Facebook's decision to ban news, and incidentally some government and health websites, will allow the anti-vaccination movement to thrive at a time when truth and balance is most important says a NSW GP.
Principal general practitioner of Finley Medical Centre Alam Yoosuff, who is also Murrumbidgee Local Health District's director of public health, said the Facebook news ban would create an information vaccum and allow anti-vaxxers to spread mistrusts about the COVID-19 vaccines unchecked.
The NS Riverina doctor also holds board positions with Murrumbidgee Local Health District and Murrumbidgee Primary Health Network but spoke to The Border Mail in his role as a GP said the multi-billion dollar company was putting profits ahead of public health and duty.
"The anti-vaxxer movement thrives on false information or misinformation and when there's no counteracting balance and no balanced information then that tends to take predominance," he said.
On Sunday, Prime Minister Scott Morrison was among the first Australians to receive the Pfizer vaccine ahead of the broader rollout on Monday.
It came as four federal parliamentarians, who are also medical doctors, called for residents to be vaccinated and ignore online mistruths.
Lyne MP David Gillespie said the removal of news from Facebook meant it was even more vital resident avoid turning to social media for information.
"Doctor Facebook is full of fake news, particularly [with what happened in] the last 24 hours - most news will be fake news," he told The Age.
Dr Yoosuff said while the majority of people will seek expert opinion on the vaccine from health sources of their GP, some might be swayed by the torrent of anti-vaxxer posts.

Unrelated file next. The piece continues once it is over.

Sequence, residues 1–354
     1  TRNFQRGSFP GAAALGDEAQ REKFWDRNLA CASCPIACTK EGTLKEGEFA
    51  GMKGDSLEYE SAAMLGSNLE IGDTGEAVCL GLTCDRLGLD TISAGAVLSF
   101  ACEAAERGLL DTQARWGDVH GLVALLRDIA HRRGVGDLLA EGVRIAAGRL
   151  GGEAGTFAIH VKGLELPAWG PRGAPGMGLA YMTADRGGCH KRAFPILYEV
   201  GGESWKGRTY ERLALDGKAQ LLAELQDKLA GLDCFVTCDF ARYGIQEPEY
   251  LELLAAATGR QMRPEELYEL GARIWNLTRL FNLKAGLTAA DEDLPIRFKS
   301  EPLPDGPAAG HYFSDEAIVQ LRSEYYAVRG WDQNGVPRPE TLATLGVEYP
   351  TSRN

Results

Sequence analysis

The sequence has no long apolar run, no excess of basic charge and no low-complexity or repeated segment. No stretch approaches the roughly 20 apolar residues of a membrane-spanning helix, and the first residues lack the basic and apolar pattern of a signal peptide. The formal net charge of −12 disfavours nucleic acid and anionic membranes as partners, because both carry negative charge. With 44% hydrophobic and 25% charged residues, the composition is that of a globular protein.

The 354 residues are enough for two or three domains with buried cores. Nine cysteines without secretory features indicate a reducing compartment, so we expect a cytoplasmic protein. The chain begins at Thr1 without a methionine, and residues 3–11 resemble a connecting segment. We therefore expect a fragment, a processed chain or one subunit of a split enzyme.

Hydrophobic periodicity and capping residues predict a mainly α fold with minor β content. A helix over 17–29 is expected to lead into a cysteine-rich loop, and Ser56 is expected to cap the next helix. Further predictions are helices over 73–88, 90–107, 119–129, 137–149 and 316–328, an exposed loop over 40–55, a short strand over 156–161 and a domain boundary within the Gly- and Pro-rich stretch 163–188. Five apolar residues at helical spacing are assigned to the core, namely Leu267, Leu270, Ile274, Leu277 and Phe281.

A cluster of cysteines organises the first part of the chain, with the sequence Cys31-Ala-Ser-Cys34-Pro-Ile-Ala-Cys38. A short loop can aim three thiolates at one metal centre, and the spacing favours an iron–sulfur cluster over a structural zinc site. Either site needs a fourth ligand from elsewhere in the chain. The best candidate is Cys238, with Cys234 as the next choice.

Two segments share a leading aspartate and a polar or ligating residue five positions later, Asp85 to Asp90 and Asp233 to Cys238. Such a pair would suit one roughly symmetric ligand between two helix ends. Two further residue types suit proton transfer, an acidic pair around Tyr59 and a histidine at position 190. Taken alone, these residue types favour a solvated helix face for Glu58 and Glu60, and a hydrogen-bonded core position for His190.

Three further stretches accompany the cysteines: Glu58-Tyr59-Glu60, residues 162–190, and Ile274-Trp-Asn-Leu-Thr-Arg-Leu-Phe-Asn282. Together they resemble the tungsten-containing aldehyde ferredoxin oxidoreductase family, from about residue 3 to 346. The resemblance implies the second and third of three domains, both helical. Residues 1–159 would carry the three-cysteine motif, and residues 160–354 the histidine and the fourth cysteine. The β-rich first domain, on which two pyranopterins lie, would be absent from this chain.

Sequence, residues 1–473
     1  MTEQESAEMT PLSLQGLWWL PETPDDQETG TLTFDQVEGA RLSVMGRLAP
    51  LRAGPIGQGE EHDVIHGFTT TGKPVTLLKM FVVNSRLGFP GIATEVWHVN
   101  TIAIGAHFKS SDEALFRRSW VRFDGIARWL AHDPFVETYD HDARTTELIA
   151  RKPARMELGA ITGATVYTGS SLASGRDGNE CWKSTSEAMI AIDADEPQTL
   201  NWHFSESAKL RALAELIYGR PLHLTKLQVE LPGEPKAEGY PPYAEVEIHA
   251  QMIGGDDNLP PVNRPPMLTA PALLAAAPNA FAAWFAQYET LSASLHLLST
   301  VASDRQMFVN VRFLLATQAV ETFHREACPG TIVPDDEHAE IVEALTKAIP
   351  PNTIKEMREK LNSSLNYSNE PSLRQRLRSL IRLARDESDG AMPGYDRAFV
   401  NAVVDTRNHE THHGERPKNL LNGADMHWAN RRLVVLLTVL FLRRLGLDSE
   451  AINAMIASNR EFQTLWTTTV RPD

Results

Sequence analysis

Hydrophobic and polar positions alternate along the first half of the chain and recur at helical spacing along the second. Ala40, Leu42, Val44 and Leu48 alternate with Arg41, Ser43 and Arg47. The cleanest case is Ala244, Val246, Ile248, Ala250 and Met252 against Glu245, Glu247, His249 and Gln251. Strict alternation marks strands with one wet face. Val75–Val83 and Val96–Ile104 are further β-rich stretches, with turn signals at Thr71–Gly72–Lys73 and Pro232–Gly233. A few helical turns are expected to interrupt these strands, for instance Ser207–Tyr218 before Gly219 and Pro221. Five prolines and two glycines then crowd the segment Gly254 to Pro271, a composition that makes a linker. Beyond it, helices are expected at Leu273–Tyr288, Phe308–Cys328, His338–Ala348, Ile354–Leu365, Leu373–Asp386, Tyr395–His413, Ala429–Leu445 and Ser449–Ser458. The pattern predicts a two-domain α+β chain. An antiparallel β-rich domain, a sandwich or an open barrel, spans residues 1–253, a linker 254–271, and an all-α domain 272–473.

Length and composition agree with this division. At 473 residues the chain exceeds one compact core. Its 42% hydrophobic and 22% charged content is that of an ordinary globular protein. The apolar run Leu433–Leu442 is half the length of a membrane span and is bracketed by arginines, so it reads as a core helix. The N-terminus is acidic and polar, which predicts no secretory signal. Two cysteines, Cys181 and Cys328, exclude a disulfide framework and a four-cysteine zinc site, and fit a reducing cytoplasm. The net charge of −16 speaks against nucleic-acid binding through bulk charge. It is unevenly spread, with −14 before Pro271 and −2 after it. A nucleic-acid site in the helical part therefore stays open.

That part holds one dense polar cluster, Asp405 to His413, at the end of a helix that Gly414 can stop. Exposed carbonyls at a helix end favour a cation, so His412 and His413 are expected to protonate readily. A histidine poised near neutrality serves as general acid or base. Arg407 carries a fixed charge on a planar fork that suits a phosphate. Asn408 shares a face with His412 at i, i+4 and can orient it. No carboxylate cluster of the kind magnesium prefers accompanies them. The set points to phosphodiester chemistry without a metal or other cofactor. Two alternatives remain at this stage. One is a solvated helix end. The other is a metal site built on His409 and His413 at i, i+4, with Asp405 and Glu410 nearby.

"About five to ten per cent of people are hesitant, they're on the fence," he said.
"[The anti-vaxxers] will try and push them not to have it and because of that misinformation and the FB ban they might not see the right information."
Dr Yoosuff said the mass COVID-19 vaccination program was one of the biggest public health projects ever embarked on in Australia.
"The Australian government and health authorities wanted Facebook to be on the side of truth so real information is disseminated widely in the community," he said.
"At a time when they should have done that, they shut it down overnight, it's very bad."
The speed in which Facebook acted to remove news sites jarred with their inaction regarding misinformation, conspiracy theories and violent videos of terror attacks like the Christchuch massacre.
"The biggest worry is if they really wanted to block something, they could have blocked it in a second or overnight," Dr Yoosuff said.
"When mistruths and misinformation was causing harm to human people they kept quiet and didn't do a thing... but when it could affect their profit they can switch things off overnight. It's hypocrisy."